Another “non-fiction” best-seller bites the dust. It appears Greg Mortenson was at times more interested in self-promotion and puffery than the truth when he “wrote” Three Cups of Tea: One Man’s Mission to Promote Peace… One School at a Time. (It’s obvious to me, that the bulk of the writing in this collaborative effort went to the actual trained writer: David Oliver Relin.) Things turned south for this feel-good publishing phenomenon (years and years on the New York Times bestseller list!), when the muckraking CBS television newsmagazine 60 Minutes revealed on Sunday that facts in the book were in serious dispute, and that the organization that Mortenson founded to promote education in Pakistan and Afghanistan was funneling money, lots of it, to him instead.
Viking, the book’s publisher, has announced that it will “carefully review the materials” in question with Mortenson. As for the “author,” he is in ultra-spin mode, issuing a carefully worded non-denial denial, calling the 60 Minutes report “a distorted picture,” but not addressing the specific allegations head-on.
Mortenson has clearly done some good work, but it’s also clear that he’s been engaging in several shady hustles. He should have listened more closely to his better angels.
Let me share with you a little secret: some things in this great world actually do happen, or do exist. These are called “facts.” If you put together a story that is supported by facts, it is called a “true story,” a news story or non-fiction. This is what historians and journalists (most of them, anyway) specialize in. If you make something up, or pass along the unsubstantiated tales of others, it’s called fiction. If you tell people that your fiction is true when it’s not, that’s called a “lie.”
So simple, but so often people get these eternal verities wrong.
Like Rachel Dry in Sunday’s Washington Post. In an opinion piece in the Outlook section (where she is an assistant editor), she weighs in on the John Steinbeck/Travels With Charley in Search of America controversy. Basically, this “journalist” concludes that she is not much concerned about matters such as “the truth” when it comes to Steinbeck’s classic American travelogue, parts of which have been recently debunked. If truth doesn’t matter to this journalist, why not just switch professions? And if Steinbeck had such difficulty telling the truth, why didn’t he just label his book as fiction?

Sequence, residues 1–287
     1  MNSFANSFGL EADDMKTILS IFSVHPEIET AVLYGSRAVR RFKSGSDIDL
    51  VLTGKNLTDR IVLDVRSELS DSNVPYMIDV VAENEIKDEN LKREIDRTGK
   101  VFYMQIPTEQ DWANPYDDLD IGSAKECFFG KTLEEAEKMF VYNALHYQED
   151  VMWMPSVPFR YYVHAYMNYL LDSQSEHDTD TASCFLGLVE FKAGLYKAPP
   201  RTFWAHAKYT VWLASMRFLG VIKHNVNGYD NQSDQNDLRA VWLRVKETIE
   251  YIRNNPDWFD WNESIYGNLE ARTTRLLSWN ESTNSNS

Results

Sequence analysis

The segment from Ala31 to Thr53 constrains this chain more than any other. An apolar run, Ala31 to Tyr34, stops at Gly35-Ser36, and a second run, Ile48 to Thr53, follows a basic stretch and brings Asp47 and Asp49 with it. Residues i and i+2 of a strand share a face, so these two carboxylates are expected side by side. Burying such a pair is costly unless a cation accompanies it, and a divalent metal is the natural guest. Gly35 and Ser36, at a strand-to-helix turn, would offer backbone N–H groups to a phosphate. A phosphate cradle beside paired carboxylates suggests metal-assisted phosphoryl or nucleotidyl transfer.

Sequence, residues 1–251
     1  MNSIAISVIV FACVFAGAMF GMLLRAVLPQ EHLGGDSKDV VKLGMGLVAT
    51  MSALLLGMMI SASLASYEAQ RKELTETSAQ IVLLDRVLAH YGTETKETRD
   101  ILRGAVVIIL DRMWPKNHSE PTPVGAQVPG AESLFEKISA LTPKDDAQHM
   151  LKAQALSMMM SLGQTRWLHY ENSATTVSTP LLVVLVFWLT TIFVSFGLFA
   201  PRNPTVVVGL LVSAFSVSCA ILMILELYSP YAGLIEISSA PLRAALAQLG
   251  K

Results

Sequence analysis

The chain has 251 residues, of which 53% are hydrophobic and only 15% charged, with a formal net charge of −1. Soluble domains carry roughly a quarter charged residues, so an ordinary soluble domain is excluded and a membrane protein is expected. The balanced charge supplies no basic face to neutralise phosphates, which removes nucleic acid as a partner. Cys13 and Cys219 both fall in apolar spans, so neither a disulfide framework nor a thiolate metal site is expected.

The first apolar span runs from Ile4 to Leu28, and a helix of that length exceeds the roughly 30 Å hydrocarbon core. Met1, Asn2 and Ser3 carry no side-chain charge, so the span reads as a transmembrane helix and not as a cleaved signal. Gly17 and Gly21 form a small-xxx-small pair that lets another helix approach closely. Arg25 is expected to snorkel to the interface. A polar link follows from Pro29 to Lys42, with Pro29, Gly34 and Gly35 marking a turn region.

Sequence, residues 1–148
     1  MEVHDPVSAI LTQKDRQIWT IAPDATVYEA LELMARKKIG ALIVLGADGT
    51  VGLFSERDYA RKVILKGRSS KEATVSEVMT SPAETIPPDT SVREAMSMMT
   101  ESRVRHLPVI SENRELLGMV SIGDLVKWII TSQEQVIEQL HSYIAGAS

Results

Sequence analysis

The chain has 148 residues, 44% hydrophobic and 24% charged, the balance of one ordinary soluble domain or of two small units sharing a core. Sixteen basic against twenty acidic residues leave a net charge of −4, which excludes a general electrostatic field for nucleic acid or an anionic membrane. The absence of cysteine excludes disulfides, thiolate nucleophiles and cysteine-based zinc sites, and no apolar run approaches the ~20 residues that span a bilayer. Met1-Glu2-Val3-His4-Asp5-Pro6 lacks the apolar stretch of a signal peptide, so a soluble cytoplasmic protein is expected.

In fact, truth does matter. Our search for truth and our constant desire to expand our body of knowledge defines who we are, and is the only way we can survive on this great world. This search is what drives us forward in the natural sciences and social sciences, learning about ourselves, and the world we live in. From there, progress becomes possible, not to mention communication, cooperation and understanding among people from near and far.
And here’s an added benefit if you choose to respect the truth: intelligent people will then believe you, whether you are a journalist, novelist, politician or corporate CEO.
Working on the life story of Beverly Eckert often had my thoughts wandering in new directions and old. I was looking ahead, pondering what I would write about next. But I was also returning to those most basic questions that vex every thinking person: Who am I? What does my life mean? What should I be striving for? For Beverly, the loss of her life partner on 9/11 set her on a new course, and gave her a crystal-clear vision of who she was and what she wanted to accomplish in this world. She worked tirelessly to make our country safer, so that the mistakes and shortcomings of the pre-9/11 world would not recur. But she also threw herself into projects aimed at making the world — or at least her corner of it — a better place. Beverly wielded construction tools in Slidell, Louisiana with other Habitat for Humanity volunteers, building homes for those in need. She tutored students several times a week at the elementary school around the corner from her home in Stamford, Connecticut. And she taught art to the elderly in a nearby nursing home. helping others, she found, was her purpose in life.
My ruminations led me toward the idea of “civilization.” This complex concept seemed to embody all that we strive for. My next book could look at what civilization meant in the past, what we have inherited and preserved from our ancestors, and what we value now and will pass on to our children and grandchildren. Grand stuff, eh?
Now comes a review in today’s Washington Post of just such a book. Great minds.. John Armstrong has written In Search of Civilization: Remaking a Tarnished Idea. Reviewer Michael Dirda presents these words of summary:
There’s much else in this carefully written book: reflections on barbarism and decadence; a defense of “charm” in education; thoughts on the true experience of art; and the importance of transmitting to others what we love. In particular the study of history, philosophy and the arts can supply us with “ideal achievements” worth emulating and integrating into our present-day lives. …
It’s a serious book, written with directness and simplicity, about what it means to live — in every sense — a good life.
The achievements of earlier civilizations have much to offer us in the way of shining examples. So do the lives of people who have learned through insight and the furnace of experience how to live a good life.